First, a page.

Continually offering new and different foods will help kids not only develop their taste buds, but it’ll also teach them new flavour and texture appreciation.  It might even teach them that in life, you don’t always get exactly what you want, and that’s ok.

Kids’ taste buds are growing. What they may not like today, they may like next month. Keep offering!  


My son on a trip to Mexico a few years ago. Fed up with the crap on the kids’ menu, I ordered him food off the regular menu. This plate was full f things he’s never seen before, but he dug in and ate it. Give kids a chance to be adventurous!

3) You Don’t Want Your Kids to Feel Left out

“But so-and-so has Oreos and fruit roll-ups every day in their lunch!”

You don’t want your child to get made fun of. I get it. Here’s where education about healthy foods comes in. Once kids learn WHY it’s important not to eat junk all day long, they may not want to.

Also, if we base our decisions in life on what everyone else is doing, change can never come about.

4) You’re Too Busy

Everyone is busy in some way.

And we seem to live in a world where everyone tries to out-busy everyone else. We put our kids in activities. We take them to those activities. We work. We try to make time for fun. We’re tired.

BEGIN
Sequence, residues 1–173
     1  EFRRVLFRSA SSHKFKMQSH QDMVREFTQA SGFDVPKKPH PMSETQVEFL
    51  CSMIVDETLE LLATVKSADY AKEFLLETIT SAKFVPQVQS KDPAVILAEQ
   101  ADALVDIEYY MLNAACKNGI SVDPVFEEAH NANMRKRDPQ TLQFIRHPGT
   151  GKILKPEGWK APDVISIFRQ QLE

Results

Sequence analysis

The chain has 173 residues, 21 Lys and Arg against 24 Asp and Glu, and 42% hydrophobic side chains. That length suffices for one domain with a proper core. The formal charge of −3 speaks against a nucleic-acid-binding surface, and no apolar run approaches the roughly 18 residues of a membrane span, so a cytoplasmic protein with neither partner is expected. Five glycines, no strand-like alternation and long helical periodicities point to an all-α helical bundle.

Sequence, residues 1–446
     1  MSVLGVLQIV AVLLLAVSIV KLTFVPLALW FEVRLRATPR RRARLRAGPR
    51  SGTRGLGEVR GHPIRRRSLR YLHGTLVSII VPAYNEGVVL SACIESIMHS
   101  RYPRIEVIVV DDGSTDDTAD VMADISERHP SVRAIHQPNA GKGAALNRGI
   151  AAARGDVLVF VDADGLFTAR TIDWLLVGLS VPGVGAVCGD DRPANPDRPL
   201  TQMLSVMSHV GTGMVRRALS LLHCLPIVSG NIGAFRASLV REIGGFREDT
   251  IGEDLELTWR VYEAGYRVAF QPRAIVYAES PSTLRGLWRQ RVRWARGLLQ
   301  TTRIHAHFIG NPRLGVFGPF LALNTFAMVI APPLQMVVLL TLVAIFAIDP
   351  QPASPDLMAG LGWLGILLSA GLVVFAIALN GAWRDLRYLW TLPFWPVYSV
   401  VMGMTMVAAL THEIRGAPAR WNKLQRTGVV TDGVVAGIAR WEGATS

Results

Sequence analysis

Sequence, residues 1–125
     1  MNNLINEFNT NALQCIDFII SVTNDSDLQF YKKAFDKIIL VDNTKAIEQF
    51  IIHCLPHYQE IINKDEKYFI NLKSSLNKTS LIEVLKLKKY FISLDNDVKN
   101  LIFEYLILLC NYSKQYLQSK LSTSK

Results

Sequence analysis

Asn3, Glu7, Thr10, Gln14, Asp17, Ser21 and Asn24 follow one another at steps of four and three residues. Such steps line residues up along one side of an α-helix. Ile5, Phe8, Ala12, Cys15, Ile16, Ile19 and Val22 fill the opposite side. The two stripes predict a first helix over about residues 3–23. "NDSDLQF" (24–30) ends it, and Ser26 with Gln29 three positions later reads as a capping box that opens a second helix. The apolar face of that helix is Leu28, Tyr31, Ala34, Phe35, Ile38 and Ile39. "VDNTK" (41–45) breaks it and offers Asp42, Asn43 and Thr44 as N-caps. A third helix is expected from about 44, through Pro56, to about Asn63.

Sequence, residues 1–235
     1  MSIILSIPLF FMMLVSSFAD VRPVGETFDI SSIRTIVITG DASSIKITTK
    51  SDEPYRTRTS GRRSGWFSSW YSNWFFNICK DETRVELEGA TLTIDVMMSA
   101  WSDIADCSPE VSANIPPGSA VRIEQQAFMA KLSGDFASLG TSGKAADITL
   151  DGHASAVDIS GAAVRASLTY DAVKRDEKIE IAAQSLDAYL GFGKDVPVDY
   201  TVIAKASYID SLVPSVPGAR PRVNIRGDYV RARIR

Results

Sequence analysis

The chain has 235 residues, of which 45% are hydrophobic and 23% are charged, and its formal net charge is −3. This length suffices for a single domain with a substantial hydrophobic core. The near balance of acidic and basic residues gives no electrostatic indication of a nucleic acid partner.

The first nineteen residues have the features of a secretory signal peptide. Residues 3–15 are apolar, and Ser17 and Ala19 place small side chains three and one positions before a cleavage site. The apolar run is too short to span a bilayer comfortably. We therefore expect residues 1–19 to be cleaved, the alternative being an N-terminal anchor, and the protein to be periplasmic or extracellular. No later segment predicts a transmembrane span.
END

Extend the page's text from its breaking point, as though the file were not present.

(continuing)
So yes, it’s much easier to throw in a bunch of pre-packaged foods than to make a lunch. I’m not up at the crack of dawn packing a lunch.

I’m taking 10- 15 minutes the night before to put it together, so it’s done in the morning and ready to go.

TIP: If time allows, I’ll cut-up veggies and fruits and other things after I make supper, while my cutting board and kitchen things are already out and in use.

TIP: It’s also helpful to have a meal-prep day, when you make muffins, granola bars, or chop up veggies for the week. It is do-able to make a few things, especially if you prep some things (like chopped veggies) ahead of time.

I make these blender banana muffins from this recipe on Sundays for the kids.

How Can We Make Kids’ Lunches Healthier?

In my next post, I’ll offer up some more practical tips and lunch ideas to help you re-organize their lunch boxes with some healthier choices.

There’s no rule that says healthy food can’t be tasty, and no rule that says kids only like junk food. Let’s change the narrative and create a next generation of mindful eaters!